A trip to Guyana on assignment as a private investigator led New Yorker Margaret Clemons to the country’s culture of violence, and the youth she would later inspire to tell their tale through photography in “Rebecca’s Story,” a short film which premiered to rave reviews at the recent CAFA Film Nights, Guyanese edition in Brooklyn.
Clemons, who started Witness Project International — a foundation to engage youth communities in arts-based programs, spoke passionately about using this medium to address violence because of the way art appeals to people.
“We are affected by what we see, and awareness makes us want to do, and change things,” Clemons said.
The gripping narrative about violence at the hands of Rebecca’s grandmother, and how the youth escapes the brutality by dreaming of the jungle -- raises a serious issue about the epidemic that continues to threaten the lives Guyanese youth.
Rebecca’s new life comes through a literacy program from a neighbor who was a ‘witness’ to violence in the yard of the family’s home.
Clemons, the executive producer the film, said the short film dealt with three profound aspects: the perpetrayor of violence, the underbelly of the violence, and the victim of the violence and ultimately, the witness who intervened.
Acknowledging the grimness of violence and its implications in Guyanese society, Clemons whose New York charity’s sole purpose is to address violence against women and children, has taken her cause to the South American country and engaged the youth from the gritty Georgetown areas to tell their story, because according to her, the children are ‘witnesses’ to violence.
The Witness Project partnered with the 2011 Technology Entertainment and Design (TED) Prize Winner JR’ Global Inside Out Project, to equip the youths with cameras to get the message out that say - “Stop Your violence against our mothers, sisters aunts, and neighbors. “We see you and you must do better.”
Brooklyn-based Project Manager of (WPI) Alysia S. Christiani applauded Clemons for her insightful and caring work with the youth.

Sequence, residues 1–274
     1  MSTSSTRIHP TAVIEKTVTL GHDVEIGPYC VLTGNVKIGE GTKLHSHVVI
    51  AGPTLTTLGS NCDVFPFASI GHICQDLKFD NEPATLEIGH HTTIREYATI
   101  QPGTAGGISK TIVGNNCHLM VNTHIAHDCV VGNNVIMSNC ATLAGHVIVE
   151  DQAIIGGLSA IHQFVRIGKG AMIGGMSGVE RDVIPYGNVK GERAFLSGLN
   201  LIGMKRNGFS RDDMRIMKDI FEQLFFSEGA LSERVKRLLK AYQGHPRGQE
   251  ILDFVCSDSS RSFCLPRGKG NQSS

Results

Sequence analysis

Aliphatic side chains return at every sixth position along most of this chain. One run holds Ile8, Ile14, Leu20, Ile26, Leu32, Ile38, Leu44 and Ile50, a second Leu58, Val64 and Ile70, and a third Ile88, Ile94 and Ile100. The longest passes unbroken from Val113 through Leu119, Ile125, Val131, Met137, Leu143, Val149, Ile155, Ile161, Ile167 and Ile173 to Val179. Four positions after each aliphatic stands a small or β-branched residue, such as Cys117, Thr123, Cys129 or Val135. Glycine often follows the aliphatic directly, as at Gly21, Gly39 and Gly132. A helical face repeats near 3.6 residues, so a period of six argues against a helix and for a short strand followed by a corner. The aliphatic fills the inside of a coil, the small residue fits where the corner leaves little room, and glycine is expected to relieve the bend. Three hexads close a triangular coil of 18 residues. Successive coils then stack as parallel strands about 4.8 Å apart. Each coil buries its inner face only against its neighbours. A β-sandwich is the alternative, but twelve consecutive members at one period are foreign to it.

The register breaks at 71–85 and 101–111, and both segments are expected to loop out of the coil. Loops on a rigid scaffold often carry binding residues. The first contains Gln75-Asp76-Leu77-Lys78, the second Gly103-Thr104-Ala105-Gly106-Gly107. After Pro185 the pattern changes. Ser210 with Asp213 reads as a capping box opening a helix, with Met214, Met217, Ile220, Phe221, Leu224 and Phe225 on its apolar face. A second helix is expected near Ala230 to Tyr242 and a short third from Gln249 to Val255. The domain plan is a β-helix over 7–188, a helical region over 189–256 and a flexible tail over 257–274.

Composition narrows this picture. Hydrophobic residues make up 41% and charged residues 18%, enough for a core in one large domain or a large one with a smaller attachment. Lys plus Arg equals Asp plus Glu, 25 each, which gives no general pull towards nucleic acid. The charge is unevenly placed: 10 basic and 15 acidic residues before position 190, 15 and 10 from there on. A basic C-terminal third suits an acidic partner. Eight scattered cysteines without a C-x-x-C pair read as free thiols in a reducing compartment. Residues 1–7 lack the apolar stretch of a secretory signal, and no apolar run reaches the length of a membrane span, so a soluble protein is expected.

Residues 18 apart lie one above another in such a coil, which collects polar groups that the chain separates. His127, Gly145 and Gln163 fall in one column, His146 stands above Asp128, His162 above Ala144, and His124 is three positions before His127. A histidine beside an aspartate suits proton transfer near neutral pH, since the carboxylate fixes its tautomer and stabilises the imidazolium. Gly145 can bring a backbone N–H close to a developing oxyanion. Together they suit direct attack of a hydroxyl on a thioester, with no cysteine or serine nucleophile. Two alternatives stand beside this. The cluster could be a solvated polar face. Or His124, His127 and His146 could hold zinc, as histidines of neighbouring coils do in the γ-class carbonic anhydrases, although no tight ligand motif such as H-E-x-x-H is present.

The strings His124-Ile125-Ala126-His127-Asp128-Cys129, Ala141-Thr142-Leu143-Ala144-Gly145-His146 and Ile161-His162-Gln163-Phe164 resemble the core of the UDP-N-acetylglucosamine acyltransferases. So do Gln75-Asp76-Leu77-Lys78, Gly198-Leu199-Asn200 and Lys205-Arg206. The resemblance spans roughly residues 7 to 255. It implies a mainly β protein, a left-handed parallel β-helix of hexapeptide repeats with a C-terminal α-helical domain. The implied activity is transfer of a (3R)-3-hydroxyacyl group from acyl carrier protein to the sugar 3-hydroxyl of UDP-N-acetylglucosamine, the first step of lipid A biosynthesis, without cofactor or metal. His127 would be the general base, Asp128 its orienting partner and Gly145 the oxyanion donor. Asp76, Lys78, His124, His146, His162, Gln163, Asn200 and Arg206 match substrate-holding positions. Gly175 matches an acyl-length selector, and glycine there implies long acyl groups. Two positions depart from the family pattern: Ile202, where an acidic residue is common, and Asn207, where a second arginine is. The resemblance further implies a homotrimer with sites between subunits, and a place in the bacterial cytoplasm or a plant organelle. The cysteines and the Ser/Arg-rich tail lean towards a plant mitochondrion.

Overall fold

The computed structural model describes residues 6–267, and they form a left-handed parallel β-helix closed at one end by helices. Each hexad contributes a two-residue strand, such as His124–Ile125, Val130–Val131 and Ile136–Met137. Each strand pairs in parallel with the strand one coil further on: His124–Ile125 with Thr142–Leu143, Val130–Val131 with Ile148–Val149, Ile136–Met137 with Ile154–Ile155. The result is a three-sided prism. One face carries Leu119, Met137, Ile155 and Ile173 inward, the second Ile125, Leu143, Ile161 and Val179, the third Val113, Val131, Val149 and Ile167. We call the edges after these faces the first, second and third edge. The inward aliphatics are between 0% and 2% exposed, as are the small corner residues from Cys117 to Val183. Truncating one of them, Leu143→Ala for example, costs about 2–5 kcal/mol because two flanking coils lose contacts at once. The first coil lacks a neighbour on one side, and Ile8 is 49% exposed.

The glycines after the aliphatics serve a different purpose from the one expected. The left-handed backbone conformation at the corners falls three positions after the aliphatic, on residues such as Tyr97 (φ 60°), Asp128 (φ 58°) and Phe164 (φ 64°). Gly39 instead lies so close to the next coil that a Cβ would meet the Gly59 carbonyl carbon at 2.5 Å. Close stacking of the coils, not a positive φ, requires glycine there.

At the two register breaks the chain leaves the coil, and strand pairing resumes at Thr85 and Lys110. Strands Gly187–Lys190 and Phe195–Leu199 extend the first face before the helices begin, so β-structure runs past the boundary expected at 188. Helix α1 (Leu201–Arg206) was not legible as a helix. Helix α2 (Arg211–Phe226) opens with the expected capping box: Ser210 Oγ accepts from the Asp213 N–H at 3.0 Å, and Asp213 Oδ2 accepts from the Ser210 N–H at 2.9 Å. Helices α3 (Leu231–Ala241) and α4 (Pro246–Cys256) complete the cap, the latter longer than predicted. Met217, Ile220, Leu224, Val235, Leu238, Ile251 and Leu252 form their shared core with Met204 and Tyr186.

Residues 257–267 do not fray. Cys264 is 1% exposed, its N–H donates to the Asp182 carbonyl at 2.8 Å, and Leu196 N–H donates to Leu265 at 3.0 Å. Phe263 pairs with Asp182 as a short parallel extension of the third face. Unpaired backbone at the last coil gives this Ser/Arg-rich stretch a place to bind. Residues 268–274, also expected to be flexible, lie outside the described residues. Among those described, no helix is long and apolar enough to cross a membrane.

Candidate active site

“Margaret fell in love with Guyana during her first visit, and she used her foundation to bring Guyanese teachers to the US so that they could in turn share their knowledge with the youth, said Christiani, a Guyanese-American.
She also noted that due to the success of the program the local Stabroek Newspaper dedicated a full-page weekly column – for one years- to encourage the students to give a first-hand account of their experiences with violence.
“This film has to be a tool for change said Christiani who encourages other filmmakers to outfit students with a toolkit so that they can start a discussion with their peers on gender roles, literacy, and violence, for change. Such programs she added will be aired on the Ministry of Education learning channel.
Plans are also in the works to submit “Rebecca’s Story” to film festivals in the Caribbean and North America to attract international attention.
Co-founders of CAFA, Romola Lucas and Justen Blaize announced Friday, March 28, as Women’s History Month Edition as part of the monthly film series. The six films by women directors will be held at Nicholas Variety, located at 570 Fulton St., Brooklyn. Show time is 7:30 p.m.
The films are “Jeffrey’s Calypso” by Vashti Anderson of Trinidad, “Docket 32357” by Eljon Wardally of Grenada, “HogHole” by Aiko Roudette of St. Vincent & The Grenadines, “Missed” by Michelle Serieux of Jamaica, “Auntie” by Lisa Harewood of Barbados, and “Crossing the Line of Desire” by Davina Lee of St. Lucia.
The duo said they are committed to sharing and educating audiences about the extraordinary work being done by Caribbean Filmmakers. Their aim is to bridge the gap by showing audiences the similarities Caribbean islands share culturally.